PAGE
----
Tokyo stocks fell more than one percent in early trade on Wednesday, following an overnight drop in Europe and on Wall Street amid eurozone debt concerns and soft US corporate earnings.
The Nikkei 225 index at the Tokyo Stock Exchange opened down 0.91 percent and expanded the loss to 1.46 percent, losing 124.29 points to 8,363.80, in the first 30 minutes of trading.
It was the first time the benchmark index fell below the 8,400 mark since June 5.
US stocks fell sharply Tuesday on growing concerns over Europe's sovereign debt crisis, soft corporate earnings at home and a weak manufacturing report.
The Dow Jones Industrial Average closed with triple-digit losses for the third straight day, down 104.14 points or 0.82 percent at 12,617.32.
Stocks related to Apple may come under pressure in Tokyo. The tech giant reported a rise in its quarterly profit to $8.8 billion on hot iPad sales but the results came up short of lofty Wall Street expectations, brokers said.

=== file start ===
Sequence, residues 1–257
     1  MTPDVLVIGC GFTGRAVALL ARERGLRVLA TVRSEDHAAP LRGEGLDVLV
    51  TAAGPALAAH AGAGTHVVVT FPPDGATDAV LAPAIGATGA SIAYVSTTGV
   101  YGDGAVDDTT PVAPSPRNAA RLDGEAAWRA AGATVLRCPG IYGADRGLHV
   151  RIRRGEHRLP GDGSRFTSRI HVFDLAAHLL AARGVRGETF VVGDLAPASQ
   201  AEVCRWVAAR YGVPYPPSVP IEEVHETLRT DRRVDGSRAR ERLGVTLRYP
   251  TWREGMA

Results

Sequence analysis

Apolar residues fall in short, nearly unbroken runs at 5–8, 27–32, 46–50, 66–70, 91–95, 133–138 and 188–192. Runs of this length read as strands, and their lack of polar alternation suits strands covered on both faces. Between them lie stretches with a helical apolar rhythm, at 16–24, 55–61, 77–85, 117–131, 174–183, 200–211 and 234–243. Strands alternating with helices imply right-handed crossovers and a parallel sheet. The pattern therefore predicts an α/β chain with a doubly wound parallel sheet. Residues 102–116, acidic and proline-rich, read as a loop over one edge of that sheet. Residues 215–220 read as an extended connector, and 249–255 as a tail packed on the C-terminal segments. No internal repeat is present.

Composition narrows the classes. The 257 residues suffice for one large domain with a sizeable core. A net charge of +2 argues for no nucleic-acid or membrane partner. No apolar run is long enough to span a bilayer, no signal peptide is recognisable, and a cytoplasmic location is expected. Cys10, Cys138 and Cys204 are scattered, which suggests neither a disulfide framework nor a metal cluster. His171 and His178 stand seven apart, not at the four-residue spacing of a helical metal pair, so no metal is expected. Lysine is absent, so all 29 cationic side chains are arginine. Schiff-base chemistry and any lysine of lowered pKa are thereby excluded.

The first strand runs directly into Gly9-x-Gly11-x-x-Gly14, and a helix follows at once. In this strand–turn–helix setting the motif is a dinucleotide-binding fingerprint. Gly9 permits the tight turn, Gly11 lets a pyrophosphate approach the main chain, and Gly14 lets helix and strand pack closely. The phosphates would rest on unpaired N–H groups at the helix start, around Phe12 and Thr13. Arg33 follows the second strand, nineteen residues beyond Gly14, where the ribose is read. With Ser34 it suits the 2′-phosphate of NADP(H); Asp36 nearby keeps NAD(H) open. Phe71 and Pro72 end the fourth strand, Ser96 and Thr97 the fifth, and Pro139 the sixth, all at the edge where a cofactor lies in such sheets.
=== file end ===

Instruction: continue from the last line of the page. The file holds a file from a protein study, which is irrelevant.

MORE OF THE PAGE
Shortly before the market opened Japan posted a first-half record trade deficit of $37.3 billion despite a surprise surplus in June.
Still, Tachibana Securities market analyst Kenichi Hirano in Tokyo said that "a large sell-off may not follow," while some bargain-buying may support the Nikkei.
The euro sank deeper overnight, touching fresh two-year lows against the dollar and near 12-year lows against the yen as Spain appeared to inch closer to a bailout.
The euro fetched $1.2059 and 94.21 yen in early Asian trade, compared with $1.2063 and 94.28 in New York late Tuesday.
The dollar was at 78.10 yen against 78.17 Japanese yen.